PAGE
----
Posted by Srikar on (August 25, 2010, 3:21 GMT)

@vijaykumar...Think ahead..5 runs he gave to prevent Amla from getting strike...Its just like a chess move..when you sacrifice a knight to get the queen...

@Niro...I agree with you that Sehwag shoudnt cry..but Amla case v/s Randiv Case...common..giving a boundary to prevent Amla from getting the strike is ofcourse a cricketing move..no matter he kicked it or threw it or misfielded it..it was an innovative move at that point of time..and it was instantanious..not planned before..

Randiv's case was well planned and deliberate enough to make sure he doesnt acieve a feat..a "cheap" move!!

Posted by Ishan on (August 24, 2010, 12:18 GMT)

When Sanath jayasuriya was on 189. He charged down the track adn Ganguly bowled a Wide to prevent it and Jayasuriya stumped. So What about that? :-)

Posted by aks on (August 24, 2010, 7:09 GMT)

what would have happen if he charged down the track and got stuped out? will it be Viru 99 out and Indai win OR Viru 99* India win.

Posted by wb on (August 24, 2010, 6:11 GMT)

1st February 1981- the last ball of the 3rd one dayer at MCG between Australia and New Zealand,Aus Captain Greg Chappell asks his brother Trevor Chappell to deliver an underarm ball as the Kiwi batsman cannot hit that for six and tie the match. Trevor executes that plan to perfection. Once again issue of playing in the spirit of the game is raised but none of the Chappell brothers-Trevor or Greg apologise and none of them is banned for a match or a fine or punished.So dont punish Randiv.Just before the delivery was to be bowled-the fielder Denniss Lillee had not taken his fielding position and Aus had too many fielders outside restriction line.Greg Chappell's in the Australian batting innings was clearly out on 90 -his catch was cleanly taken by Martin snedden but Chappell refused to believe the fielder and went on to bat till Aus had reached a respectable total. This shows from where the Lankan team may have learnt to do such things.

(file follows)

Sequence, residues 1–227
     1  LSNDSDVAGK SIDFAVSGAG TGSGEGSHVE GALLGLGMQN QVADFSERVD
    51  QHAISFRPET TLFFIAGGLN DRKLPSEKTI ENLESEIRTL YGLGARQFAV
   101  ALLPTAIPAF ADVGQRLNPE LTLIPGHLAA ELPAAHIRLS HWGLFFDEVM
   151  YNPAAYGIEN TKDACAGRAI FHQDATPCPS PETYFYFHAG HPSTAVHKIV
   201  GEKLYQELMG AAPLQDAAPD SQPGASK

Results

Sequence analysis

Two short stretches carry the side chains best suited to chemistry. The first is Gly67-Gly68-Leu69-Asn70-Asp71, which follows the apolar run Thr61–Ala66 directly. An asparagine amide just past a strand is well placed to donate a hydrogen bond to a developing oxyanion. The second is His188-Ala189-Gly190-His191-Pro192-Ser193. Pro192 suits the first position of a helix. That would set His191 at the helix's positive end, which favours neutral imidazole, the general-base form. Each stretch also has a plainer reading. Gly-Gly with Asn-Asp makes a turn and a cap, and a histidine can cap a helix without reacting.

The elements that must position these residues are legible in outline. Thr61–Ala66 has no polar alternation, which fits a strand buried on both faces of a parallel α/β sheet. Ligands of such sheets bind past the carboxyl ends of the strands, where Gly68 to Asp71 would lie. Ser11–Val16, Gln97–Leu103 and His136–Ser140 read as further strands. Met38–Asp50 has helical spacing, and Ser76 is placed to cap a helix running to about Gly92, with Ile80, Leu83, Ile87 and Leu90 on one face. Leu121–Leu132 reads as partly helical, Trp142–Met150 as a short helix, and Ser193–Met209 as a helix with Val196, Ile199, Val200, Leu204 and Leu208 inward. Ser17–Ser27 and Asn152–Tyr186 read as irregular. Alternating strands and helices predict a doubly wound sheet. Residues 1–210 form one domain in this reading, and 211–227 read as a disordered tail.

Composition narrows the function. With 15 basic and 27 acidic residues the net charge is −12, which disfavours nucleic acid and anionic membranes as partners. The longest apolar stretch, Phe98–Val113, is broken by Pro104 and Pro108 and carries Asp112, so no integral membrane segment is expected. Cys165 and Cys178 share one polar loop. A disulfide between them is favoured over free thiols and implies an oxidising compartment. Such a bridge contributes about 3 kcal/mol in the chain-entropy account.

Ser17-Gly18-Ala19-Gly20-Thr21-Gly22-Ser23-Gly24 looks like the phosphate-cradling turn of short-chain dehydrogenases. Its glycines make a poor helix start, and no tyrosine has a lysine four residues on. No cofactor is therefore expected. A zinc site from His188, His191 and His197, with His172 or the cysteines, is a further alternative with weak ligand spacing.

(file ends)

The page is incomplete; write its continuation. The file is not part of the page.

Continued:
Posted by Roy on (August 24, 2010, 0:57 GMT)

Just shows what a poor sportsman DILSHAN really is!!!! They should've both been banned for the one game. Of course it was deliberate. Randiv would not have over-stepped had Virender been on 89 runs instead of 99. Or even if Viru was batting with 93 and the scores level, as a six would've still not taken him to a century. But the days are long gone when cricket was a gentleman's game. Wonder how Dilshan would've felt if he was the batsman, rather than Sehwag.

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ABOUT THE AUTHOR

Sambit Bal
Editor-in-chief Sambit Bal took to journalism at the age of 19 after realising that he wasn't fit for anything else, and to cricket journalism 14 years later when it dawned on him that it provided the perfect excuse to watch cricket in the office. Among other things he has bowled legspin, occasionally landing the ball in front of the batsman; laid out the comics page of a newspaper; covered crime, urban development and politics; and edited Gentleman, a monthly features magazine. He joined Wisden in 2001 and edited Wisden Asia Cricket and Cricinfo Magazine. He still spends his spare time watching cricket.